CouldBeTrue of South Texas Chisme isn’t surprised that the republican Supreme Court wants American Hispanics to carry citizenship papers. Yeah. Right.
At TexasKaos, lightseeker shines a light on the continuing assault on public education in Texas. Coupled with the nationwide exposure of the anti-criticial thinking plank in the state Republican platform, scary stuff indeed. Take a look: Killing Public Education in Texas with STAAR.
Neil at Texas Liberal posted a list of Fouth of July events in Houston, Galveston, Fort Bend County and College Station. This list information comes with a nifty Fourth of July reading list included for no extra charge.
Justin at Asian American Action Fund Blog cheers the incredible rise of Asian Americans in the Texas Democratic Party while lamenting the failures of the Texas Democratic Party Convention’s Nominations Committee.
Willie goes to Billy Bob’s for the Fourth of July
Billy Bob’s Texas announces the return of Willie Nelson’s Legendary 4th of July Picnic to the historic Fort Worth Stockyards. The long-standing Texas tradition now in it’s 39th year will again be held outside and inside of the famed Billy Bob’s Texas. Tickets go on sale Monday, April 23rd. Willie’s picnic has been held in the Fort Worth Stockyards 4-times previously, 2004, 2005, 2006, and 2011. This year’s setup will again feature the air-conditioned comfort of Billy Bob’s opening to the landscaped beauty of Rodeo Plaza in the Stockyards. Doors will open at 11:30 am with the first artist taking the stage at 12 noon.
July 02, 1863, Hood’s Texas Brigade became a major participant in the battle of Gettysburg. The brigade had been organized in 1861 in Richmond, Virginia. It was composed of the First, Fourth and Fifth Texas Infantry regiments, the only Texas troops to fight in the Eastern Theater. Col. John Bell Hood had been commander of the Fourth. On July 2, 1863, the brigade led the assault at Devils Den and Little Round Top, the crucial action of the second day of the battle. A soldier of the First Texas called the assault on Devil’s Den “one of the wildest, fiercest struggles of the war.” After routing the Union forces at the Devil’s Den, however, the brigade was unable to capture Little Round Top. A thirty-five-foot monument to the men of Hood’s Texas Brigade stands on the south drive of the Capitol in Austin.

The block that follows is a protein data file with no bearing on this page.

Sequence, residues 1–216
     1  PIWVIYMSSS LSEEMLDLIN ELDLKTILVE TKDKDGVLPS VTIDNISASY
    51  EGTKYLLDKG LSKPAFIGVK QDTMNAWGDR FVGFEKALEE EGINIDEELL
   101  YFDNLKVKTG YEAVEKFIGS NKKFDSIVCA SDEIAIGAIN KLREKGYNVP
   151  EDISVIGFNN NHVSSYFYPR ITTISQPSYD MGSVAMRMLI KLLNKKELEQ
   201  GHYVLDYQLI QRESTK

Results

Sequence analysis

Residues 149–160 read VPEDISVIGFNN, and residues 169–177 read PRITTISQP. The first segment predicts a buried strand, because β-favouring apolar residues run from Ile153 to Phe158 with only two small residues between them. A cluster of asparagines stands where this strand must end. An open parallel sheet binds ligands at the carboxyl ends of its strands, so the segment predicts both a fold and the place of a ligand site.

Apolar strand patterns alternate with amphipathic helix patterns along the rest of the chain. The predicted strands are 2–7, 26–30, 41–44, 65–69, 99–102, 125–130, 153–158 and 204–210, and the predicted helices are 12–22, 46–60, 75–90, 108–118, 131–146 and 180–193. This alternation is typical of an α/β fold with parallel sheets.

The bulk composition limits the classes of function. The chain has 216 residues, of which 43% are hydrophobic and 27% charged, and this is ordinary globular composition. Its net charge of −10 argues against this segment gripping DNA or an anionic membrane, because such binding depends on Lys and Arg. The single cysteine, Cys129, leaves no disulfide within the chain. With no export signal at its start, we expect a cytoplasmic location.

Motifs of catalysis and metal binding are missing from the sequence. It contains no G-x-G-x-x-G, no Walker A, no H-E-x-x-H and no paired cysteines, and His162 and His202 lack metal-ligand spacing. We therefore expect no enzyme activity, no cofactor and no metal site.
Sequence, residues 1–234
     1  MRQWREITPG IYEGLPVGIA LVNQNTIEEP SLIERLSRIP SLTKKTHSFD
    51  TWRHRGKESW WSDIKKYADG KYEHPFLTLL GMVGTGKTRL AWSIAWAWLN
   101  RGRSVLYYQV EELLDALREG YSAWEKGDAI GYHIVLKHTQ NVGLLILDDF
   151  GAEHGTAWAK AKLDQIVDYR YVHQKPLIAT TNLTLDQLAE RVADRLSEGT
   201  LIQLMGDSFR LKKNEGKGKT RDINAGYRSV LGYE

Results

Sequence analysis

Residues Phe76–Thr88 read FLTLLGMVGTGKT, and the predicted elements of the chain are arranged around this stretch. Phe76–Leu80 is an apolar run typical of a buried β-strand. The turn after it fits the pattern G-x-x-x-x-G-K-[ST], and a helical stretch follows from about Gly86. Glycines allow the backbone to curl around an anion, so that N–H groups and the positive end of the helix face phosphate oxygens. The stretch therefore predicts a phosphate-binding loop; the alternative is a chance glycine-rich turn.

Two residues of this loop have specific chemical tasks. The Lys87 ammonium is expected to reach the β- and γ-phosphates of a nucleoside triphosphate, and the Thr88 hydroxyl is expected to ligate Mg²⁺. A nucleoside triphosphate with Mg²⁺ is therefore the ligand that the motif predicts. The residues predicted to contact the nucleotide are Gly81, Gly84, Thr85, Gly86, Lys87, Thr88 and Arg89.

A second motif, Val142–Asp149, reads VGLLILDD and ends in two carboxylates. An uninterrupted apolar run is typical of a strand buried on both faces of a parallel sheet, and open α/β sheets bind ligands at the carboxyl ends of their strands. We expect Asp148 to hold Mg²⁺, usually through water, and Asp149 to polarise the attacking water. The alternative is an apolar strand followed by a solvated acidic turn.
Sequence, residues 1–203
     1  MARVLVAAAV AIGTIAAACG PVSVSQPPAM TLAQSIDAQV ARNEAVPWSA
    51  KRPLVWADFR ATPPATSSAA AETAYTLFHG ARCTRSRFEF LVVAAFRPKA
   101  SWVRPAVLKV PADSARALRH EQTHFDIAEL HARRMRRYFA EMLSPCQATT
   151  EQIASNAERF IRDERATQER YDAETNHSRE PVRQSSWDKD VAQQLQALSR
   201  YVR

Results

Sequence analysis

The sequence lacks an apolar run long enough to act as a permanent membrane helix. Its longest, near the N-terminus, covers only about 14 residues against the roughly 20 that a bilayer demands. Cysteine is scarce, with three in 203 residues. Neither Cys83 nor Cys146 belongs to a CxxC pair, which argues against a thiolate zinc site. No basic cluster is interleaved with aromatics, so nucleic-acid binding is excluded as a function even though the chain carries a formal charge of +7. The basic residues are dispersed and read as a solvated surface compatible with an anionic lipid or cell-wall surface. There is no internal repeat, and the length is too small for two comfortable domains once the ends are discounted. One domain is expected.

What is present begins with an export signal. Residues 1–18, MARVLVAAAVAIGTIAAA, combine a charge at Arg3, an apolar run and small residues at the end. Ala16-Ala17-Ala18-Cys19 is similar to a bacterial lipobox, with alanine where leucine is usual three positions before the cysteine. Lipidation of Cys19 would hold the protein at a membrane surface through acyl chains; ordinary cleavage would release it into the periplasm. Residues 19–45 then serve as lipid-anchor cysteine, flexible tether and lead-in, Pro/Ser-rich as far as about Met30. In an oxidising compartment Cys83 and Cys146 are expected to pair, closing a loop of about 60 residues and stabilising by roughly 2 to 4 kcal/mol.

Greatest manager in Texas League history born
July 02 1879, John Jacob (Jake) Atz, baseball player and manager, was born in Washington, D.C. He is generally considered the greatest baseball manager in Texas League history. He began his major-league playing career in 1902 with Washington of the American League and played for the Chicago White Sox in 1907-09. His major-league career ended when he was hit by a pitch thrown by Walter Johnson. Atz signed as a playing manager of the Fort Worth Cats of the Texas League in 1914. He quit in 1916 but returned in 1917.
Angry soldiers burn Fredericksburg store, destroying early Gillespie County records
July 02 1850, a mob of soldiers burned down the store of Fredericksburg merchant John M. Hunter, destroying all Gillespie County records up to that time. Hunter, the first Gillespie County clerk, had a violent temper and had clashed more than once with the soldiers at nearby Fort Martin Scott. On the night of June 30, Hunter had refused to sell whiskey to a soldier named Dole. When Dole became abusive, Hunter fatally stabbed him in the chest. Some fifty angry soldiers returned the next night, looking for Hunter, but the merchant had fled town.
African-American bus franchise in Houston suburb is first in the South